Aside from all the awesome racing and drifting, is the photo mode. This is by far my favorite aspect of the game, because it allows you to show off the amazing level of details on every car. Photo mode provides tons of tweaks and adjustments, so whether you want to manually dial in your camera settings like a pro photographer, or just slap on some Instagram-esque filters, the options are there. The fantastic photo mode tweaks coupled with the amazingly realistic car models makes for some truly stunning photos, some of which are almost indistinguishable from photos of real cars.
Of course, there are some downsides to the Forza Horizon 2 experience. The aforementioned Wheel Spins granted after every level up feel inconsequential. The credits awarded are often very small, averaging around 15,000 during my time with the game. That wouldn’t be so bad if you didn’t see the massive totals flicking past during the spin, sometimes upwards of 200,000 credits. Besides the wheel spins, is the relatively light car roster in comparison to previous Forza Motorsport titles. Of course, DLC is available to fill out the roster further, but I’m not totally sold on its value. A glaring omission from the roster is, once again, Porsche. Unfortunately, the Porsche licensing isn’t available for use in Forza titles. Its hard to fault the game for this situation, but its worth mentioning for any of the Porsche-philes out there. The one saving grace in the Porsche situation, is the inclusion of RUF cars - essentially factory tuned version of some of Porsche’s most iconic cars.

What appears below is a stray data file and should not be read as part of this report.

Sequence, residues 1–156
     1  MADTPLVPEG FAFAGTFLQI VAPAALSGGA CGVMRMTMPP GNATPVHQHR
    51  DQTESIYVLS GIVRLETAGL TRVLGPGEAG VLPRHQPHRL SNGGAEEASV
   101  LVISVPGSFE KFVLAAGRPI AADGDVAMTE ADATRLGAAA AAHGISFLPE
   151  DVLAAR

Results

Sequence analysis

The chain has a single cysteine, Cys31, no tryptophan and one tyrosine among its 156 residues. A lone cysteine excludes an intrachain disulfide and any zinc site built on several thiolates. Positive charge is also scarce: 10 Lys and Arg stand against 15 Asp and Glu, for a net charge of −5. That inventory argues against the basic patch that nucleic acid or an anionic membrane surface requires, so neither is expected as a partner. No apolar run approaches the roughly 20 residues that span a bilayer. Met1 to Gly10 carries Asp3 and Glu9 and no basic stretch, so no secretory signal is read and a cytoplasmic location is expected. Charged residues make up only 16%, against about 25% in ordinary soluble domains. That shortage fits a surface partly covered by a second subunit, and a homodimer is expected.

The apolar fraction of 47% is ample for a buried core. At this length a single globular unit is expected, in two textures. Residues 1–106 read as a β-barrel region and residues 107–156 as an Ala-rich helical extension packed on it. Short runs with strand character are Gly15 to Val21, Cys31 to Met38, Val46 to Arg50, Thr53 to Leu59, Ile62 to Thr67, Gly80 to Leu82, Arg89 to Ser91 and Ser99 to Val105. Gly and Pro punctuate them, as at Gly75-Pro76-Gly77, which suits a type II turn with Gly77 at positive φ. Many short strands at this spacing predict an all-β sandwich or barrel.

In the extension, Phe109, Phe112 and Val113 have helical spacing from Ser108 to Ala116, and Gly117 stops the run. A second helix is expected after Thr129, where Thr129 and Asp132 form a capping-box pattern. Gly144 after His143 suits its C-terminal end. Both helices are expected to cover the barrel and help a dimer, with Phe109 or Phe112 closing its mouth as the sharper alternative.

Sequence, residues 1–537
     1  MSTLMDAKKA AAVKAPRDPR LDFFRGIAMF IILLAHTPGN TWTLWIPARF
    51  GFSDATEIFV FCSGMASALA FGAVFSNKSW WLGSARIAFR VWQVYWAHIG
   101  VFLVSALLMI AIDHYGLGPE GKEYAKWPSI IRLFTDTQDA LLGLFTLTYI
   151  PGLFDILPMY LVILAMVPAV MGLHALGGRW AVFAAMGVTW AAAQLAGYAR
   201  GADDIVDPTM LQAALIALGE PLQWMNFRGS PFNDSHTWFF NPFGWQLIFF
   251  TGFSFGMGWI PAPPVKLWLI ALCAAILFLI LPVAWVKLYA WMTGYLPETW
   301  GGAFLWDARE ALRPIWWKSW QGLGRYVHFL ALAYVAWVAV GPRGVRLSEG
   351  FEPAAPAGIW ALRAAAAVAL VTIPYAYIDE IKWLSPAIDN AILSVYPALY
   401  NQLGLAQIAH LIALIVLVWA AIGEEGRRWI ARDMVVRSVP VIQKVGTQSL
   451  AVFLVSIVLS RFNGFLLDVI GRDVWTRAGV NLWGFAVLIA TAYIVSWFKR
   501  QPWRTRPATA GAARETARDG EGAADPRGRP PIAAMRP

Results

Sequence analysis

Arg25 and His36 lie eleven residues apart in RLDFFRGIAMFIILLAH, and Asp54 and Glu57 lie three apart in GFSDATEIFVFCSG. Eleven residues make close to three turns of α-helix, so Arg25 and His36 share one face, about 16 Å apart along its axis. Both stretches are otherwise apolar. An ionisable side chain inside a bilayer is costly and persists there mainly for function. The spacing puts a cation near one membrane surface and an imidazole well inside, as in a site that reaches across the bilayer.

Forza Horizon 2 is the reason I bought an Xbox One. I’m an admitted Forza fanatic, and knew as soon as the new consoles were released that I’d be throwing down on an Xbox One solely because that’s where Forza lives. Horizon 2 is such a great experience for car enthusiasts of all stripes. Whether you love spending hours in the photo mode getting the shot just right, or shaving a tenth of a second off your lap time like a regular track rat, Horizon 2 has you covered. Its a shame the Forza series only lives in the Xbox environment, but “you gotta pay to play” is the sentiment often echoed by people in motorsports and gaming.